Fork steerer tubes are generally made from aluminum and use a star nut, which is part of the headset installation assembly. The star nut is pressed into the steerer tube and is used to allow the headset to be compressed or stacked. It’s been used for the last 30 years and to this day, the same system and standard persists, which is kind of amazing in itself.
Sometime in the last couple of decades, when carbon fibre emerged as the raw material of choice for those looking for a better strength-to-weight ratio, some high-end fork manufacturers started making carbon forks as well, but with aluminum steerer tubes and then full-carbon models, which were mainly used on road bikes. Eventually, the technology migrated to mountain bikes, too, in hopes of shaving weight from already-robust builds. Fat-bike fork manufacturers jumped on board, which helped save weight and bolster the rigidity of the massive tire/wheel-build combos on those burly rigs.
While carbon steerer tubes are often lighter, and arguably stronger than aluminum steerer tubes, there is another important distinction between forks with one or the other type of steer tube:
when it comes to mounting and installation, all-carbon forks do not use a star nut, unlike forks with aluminum steer tubes, but rather they use what’s called a compression nut. The compression nut is also referred to as an expander plug.
How does it work?
The compression nut is composed of 2 parts: the top cap and the compression insert.
The compression insert is inserted into the steerer tube and, when tightened with a hex key, expands the wall of the compression insert against the inner wall of the steerer tube. Once it is properly tightened and secured, it can be used in the exact same way as a star nut, to compress/stack the headset down and also allow the stem to be properly tightened down.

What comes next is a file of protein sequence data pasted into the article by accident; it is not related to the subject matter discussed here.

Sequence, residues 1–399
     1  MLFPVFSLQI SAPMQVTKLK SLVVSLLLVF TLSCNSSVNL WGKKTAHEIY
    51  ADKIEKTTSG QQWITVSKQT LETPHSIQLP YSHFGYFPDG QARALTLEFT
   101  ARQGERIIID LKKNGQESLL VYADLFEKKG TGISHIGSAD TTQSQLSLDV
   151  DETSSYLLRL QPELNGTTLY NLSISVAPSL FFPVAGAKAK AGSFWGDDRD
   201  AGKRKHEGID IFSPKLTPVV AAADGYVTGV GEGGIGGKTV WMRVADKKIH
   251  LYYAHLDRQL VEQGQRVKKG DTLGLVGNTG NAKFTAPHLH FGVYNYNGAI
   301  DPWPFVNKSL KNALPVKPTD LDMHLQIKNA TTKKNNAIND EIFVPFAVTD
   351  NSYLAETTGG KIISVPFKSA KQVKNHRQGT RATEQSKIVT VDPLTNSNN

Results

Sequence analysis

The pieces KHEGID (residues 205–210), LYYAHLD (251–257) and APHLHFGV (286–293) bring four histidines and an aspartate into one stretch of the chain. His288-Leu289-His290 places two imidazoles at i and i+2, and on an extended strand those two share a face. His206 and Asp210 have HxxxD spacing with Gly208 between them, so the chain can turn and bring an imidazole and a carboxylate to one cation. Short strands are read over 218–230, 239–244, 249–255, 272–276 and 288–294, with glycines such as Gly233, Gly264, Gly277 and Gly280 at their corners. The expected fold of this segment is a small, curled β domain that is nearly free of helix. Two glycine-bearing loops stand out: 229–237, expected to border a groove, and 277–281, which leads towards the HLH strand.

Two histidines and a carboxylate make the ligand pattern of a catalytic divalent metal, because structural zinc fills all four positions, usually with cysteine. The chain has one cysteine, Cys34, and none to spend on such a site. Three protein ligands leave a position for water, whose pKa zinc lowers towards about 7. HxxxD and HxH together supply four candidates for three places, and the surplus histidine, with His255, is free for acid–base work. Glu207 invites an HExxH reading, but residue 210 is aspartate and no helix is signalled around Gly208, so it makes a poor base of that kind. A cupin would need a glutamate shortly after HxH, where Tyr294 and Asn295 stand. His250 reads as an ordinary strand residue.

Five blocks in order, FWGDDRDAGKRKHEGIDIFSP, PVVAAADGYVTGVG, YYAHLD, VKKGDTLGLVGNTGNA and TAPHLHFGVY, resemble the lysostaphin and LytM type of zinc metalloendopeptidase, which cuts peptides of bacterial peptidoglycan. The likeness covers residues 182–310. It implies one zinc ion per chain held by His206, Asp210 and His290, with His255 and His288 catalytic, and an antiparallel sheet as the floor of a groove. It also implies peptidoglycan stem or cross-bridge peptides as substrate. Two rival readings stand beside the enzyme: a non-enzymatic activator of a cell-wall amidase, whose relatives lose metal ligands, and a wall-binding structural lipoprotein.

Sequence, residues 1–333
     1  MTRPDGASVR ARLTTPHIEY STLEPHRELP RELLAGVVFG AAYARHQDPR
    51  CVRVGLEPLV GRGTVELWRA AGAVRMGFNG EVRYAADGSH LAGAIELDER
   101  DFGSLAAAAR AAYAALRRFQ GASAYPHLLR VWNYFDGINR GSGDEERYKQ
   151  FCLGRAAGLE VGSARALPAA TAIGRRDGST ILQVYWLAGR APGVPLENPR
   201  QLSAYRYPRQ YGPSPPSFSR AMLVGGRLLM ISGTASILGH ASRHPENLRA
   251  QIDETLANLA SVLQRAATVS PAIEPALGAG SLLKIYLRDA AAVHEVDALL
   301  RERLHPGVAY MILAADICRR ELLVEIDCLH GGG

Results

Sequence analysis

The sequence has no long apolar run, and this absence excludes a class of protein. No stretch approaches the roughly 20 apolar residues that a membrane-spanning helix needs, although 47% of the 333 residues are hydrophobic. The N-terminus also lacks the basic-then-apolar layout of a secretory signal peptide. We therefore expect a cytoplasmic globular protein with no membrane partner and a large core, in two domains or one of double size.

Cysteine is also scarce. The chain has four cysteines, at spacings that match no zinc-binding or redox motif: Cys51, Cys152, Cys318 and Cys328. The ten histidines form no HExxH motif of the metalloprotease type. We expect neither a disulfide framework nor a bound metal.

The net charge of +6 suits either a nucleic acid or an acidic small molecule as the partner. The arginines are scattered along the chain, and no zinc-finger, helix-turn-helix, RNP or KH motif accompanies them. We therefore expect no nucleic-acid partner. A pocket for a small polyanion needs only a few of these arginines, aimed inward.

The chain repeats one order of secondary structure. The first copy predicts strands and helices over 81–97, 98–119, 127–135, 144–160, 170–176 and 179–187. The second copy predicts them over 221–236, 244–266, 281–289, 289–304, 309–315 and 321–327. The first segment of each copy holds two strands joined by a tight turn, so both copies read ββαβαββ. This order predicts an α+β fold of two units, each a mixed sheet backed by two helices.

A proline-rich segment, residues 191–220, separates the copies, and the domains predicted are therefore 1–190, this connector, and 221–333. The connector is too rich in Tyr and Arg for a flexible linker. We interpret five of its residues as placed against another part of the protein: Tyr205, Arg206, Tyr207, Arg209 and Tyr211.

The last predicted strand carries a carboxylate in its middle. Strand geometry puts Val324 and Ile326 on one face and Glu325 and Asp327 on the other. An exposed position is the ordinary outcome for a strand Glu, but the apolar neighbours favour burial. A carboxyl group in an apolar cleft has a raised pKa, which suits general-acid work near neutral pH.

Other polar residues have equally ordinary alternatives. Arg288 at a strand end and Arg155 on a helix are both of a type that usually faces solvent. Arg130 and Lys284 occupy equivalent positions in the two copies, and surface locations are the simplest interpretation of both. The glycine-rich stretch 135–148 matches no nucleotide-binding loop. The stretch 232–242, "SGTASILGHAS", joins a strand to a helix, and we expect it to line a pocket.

Proper installation is crucial. Just like any other part on your bike, the compression nut needs to be installed correctly to allow you to ride your bike safely. If the compression nut is not installed properly, you could be at risk of causing yourself serious injury.
What follows below are step-by-step instructions for installing the compression nut into a carbon steerer tube, using the RSD Mayor fat bike carbon fork for demonstration.
You will need the following tools:
- torque wrench with a 6mm hex key
- 5mm hex key
- crown race installer
- carbon paste/carbon assembly compound
- Inspect your carbon steerer tube for any imperfections or irregularities. If something looks odd or abnormal, contact the fork manufacturer and ask them to confirm what the irregularity might be, and don’t proceed until the matter has been resolved to the manufacturer’s satisfaction.
- Cut your steerer tube to the desired length using a proper cutting tool.
- Using the 5mm hex key, separate the top cap from the compression insert. Make sure that the compression insert is still fully assembled before proceeding to the next step.
- Apply a tiny amount of carbon paste onto the compression insert outer walls and then insert it into the steerer tube.